Dual plot lines set in the present day and in 1906, appealed to our members who like contemporary and/or historical novels. The two stories intertwine well. The action alternated between Kaine and Ivy’s stories keeping us turning the pages as quickly as possible — we had to know what was happening with both of these engaging and interesting characters. Kaine and Ivy are women of their times, but share a determination to get to the bottom of the mysteries that the shady Foster Hill House presents. Although some of us wanted to shake them from time to time, we generally loved them. The two male characters were a treat as well. Very different from each other, my group was split on which we liked better, but were pleased with how both added to the stories and the main characters’ lives. The book provided great discussion for our group — family history and secrets, human trafficking now and then, and keeping alive the memories of those who have passed.

Often my book club gets off task during our monthly discussions, but this month we had no trouble staying focused on The House on Foster Hill. Kudos for an impressive first novel. We look forward to many more from an author to watch.

Highly Recommended.

Great for Book Clubs.

Audience: adults.

To purchase, click HERE. (It’s currently free for Kindle Unlimited)

(I purchased this book from Amazon. All opinions expressed are mine alone.)

 

 

 

 

Book Review: The Reckoning at Gossamer Pond

18 Jul

For over a century, the town of Gossamer Grove has thrived on its charm and midwestern values, but Annalise Forsythe knows painful secrets, including her own, hover just beneath the pleasant faade. When a man is found dead in his run-down trailer home, Annalise inherits the trailer, along with the pictures, vintage obituaries, and old revival posters covering its walls. As she sorts through the collection, she’s wholly unprepared for the ramifications of the dark and deadly secrets she’ll uncover.

A century earlier, Gossamer Grove has been stirred into chaos by the arrival of controversial and charismatic twin revivalists. The chaos takes a murderous turn when Libby Sheffield, working at her father’s newspaper, receives an obituary for a reputable church deacon hours before his death. As she works with the deacon’s son to unravel the mystery behind the crime, it becomes undeniably clear that a reckoning has come to town–but it isn’t until another obituary arrives that they realize the true depths of the danger they’ve waded into.

Two women, separated by a hundred years, must uncover the secrets within the borders of their own town before it’s too late and they lose their future — or their very souls.

Professional coffee drinker & ECPA/Publisher’s Weekly best-selling author, Jaime Jo Wright resides in the hills of Wisconsin writing spirited turn-of-the-century romance stained with suspense. Coffee fuels her snarky personality. She lives in Neverland with her Cap’n Hook who stole her heart and will not give it back, their little fairy TinkerBell, and a very mischievous Peter Pan. The foursome embark on scores of adventure that only make her fall more wildly in love with romance and intrigue.

Jaime lives in dreamland, exists in reality, and invites you to join her adventures at jaimejowright.com!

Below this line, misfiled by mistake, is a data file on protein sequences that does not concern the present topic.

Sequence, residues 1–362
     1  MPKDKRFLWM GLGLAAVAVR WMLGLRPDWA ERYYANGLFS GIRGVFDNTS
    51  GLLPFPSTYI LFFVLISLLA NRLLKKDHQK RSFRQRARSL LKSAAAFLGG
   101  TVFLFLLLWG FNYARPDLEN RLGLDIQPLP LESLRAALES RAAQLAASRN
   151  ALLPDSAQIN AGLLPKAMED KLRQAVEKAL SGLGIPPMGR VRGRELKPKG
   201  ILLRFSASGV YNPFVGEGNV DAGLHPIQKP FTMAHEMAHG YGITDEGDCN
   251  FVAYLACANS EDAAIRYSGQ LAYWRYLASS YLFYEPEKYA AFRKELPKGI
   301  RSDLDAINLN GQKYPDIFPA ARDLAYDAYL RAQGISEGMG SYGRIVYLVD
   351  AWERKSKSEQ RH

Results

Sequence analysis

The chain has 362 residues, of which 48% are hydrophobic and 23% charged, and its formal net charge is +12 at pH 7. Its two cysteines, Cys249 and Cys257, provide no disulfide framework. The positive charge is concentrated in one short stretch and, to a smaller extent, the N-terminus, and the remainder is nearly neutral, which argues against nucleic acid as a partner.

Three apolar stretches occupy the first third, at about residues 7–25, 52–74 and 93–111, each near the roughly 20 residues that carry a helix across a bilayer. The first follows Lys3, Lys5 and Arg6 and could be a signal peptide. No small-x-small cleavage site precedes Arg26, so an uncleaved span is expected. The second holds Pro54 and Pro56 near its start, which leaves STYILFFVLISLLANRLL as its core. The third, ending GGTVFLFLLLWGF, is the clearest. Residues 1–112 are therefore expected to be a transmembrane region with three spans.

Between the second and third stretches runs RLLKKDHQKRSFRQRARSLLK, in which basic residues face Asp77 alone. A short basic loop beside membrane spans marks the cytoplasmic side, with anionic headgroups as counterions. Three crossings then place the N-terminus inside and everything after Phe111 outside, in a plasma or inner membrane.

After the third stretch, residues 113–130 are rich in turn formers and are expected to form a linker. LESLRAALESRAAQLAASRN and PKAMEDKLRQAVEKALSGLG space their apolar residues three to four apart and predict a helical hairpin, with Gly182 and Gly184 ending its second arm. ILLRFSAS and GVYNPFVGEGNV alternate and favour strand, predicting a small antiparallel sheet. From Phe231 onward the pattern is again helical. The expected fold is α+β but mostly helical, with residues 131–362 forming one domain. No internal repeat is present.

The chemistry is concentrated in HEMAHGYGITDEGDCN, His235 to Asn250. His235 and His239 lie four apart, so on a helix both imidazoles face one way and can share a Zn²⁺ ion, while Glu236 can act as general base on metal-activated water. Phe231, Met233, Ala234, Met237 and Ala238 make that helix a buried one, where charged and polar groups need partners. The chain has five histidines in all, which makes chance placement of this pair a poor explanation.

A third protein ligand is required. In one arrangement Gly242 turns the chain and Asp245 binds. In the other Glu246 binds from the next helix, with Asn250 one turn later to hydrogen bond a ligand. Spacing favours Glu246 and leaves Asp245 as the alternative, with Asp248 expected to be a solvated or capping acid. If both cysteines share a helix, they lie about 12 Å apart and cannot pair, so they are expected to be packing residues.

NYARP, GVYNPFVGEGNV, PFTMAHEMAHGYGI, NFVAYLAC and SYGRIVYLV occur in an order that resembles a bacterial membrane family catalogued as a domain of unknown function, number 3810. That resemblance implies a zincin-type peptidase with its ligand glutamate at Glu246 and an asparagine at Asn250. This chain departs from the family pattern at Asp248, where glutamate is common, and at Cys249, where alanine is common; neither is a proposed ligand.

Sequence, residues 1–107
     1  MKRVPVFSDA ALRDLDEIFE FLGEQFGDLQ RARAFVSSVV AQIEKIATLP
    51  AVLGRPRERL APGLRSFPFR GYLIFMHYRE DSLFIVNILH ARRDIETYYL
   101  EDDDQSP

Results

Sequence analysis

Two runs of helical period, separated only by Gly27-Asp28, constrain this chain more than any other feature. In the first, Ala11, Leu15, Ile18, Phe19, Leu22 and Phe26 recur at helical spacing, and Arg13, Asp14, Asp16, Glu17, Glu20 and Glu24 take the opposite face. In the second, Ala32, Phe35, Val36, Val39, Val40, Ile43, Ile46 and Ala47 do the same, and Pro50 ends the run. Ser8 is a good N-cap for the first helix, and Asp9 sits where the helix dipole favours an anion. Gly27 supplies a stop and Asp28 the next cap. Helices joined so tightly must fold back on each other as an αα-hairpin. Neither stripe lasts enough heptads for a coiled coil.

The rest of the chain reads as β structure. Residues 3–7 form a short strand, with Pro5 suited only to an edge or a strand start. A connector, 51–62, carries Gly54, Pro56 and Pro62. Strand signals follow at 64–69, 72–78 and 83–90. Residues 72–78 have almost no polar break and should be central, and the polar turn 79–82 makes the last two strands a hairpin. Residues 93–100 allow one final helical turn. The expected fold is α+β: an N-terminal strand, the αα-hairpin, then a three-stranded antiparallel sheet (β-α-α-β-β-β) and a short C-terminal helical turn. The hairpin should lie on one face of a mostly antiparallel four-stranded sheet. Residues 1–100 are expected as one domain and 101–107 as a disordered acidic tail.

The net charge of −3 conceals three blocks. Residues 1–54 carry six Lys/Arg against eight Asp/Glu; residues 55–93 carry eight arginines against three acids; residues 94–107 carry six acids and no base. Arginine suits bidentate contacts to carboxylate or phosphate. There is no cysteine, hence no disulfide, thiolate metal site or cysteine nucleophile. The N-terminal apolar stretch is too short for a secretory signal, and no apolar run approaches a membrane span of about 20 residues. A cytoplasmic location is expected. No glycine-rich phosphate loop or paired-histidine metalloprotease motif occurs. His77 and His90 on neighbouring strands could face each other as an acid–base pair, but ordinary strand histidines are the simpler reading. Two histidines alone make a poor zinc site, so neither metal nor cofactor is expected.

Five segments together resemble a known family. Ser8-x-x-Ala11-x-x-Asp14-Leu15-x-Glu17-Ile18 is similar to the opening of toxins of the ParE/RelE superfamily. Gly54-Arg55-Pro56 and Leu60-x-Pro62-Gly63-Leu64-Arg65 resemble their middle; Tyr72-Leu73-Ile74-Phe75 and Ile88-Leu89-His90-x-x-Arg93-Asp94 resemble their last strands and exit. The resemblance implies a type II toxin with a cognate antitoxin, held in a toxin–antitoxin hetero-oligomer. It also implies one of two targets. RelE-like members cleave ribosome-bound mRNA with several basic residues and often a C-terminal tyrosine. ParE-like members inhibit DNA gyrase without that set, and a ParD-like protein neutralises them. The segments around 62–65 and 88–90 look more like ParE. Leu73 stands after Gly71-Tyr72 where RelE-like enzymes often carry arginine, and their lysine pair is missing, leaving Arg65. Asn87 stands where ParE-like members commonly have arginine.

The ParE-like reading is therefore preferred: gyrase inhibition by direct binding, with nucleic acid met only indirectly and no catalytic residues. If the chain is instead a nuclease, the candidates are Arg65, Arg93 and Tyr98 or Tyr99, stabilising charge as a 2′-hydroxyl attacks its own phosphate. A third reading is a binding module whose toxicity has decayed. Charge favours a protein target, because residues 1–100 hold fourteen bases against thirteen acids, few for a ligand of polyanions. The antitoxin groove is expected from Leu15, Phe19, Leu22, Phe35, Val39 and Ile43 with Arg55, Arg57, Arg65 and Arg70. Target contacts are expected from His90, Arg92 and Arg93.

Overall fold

My Impressions:

Have you ever read a book that captured your imagination through its beautiful prose while immersing you in a twisting turning story of secrets and mysteries, and filled you with the certainty of a profound message of God’s truth? I’m not certain I have until now. The Reckoning at Gossamer Pond, Jaime Jo Wright’s sophomore novel, has done just that. I really liked her debut, The House on Foster Hill, as did my book club. But this second novel exceeded my expectations. All I can say is wow! This one deserves a very highly recommended rating.

The midwestern town of Gossamer Grove is a place of welcoming people with long held and deeply buried secrets. I loved the small town vibe/creepy setting that Wright achieved. Told in dual storylines — present day and 1907 — the novel explores the impact of shame and guilt. Both the contemporary and historical stories are right on in their cultural feel. The reader never once mistakes the two. But the mystery of 1907 brought about by a tent revival bleeds into the present day bringing with it threats and danger. There are two very strong female characters — Libby and Annalise. Both have hidden guilt that they strive to make up for with good deeds and right-living. But secrets aren’t really secret at all in the small town of Gossamer Grove. The various male characters they interact with are intriguing and are a bit mysterious in their own rights. I loved how Wright kept this reader off-balance with the relationships that develop. As stated above there is a strong spiritual thread that runs in both stories. Grace, undeserved and freely and lovingly offered, is often difficult to accept. Many feel that this gift can’t actually be available, even as they profess to believe in the love of Jesus. Early in the story the seemingly all-knowing revivalist Jacobus Corbin states: “No amount of mystery in one’s soul can escape the ever-watchful eye of God. One may carry guilt and shame with them for years, only to discover that while they attempted to dodge God’s judgment, they instead cheated themselves of His forgiveness.” I read that line over and over. It spoke healing and love to my soul.

While the spiritual lessons are strong, The Reckoning at Gossamer Pond really is a very entertaining mystery. I puzzled and theorized and was totally blown away by the endings of each story. If you are a mystery fan you are going to love how this novel unfolds. And for fans of Poe, well, this one is a special treat. All I can say is run, don’t walk, to your nearest bookstore or computer to buy this book. You will not regret it! I am passing my copy on to my fellow book clubbers because I cannot wait to hear what they think. Grab a couple of books to hand out so you won’t be alone in this reading experience.

Very Highly Recommended.

Great for Book Clubs.

To purchase, click HERE.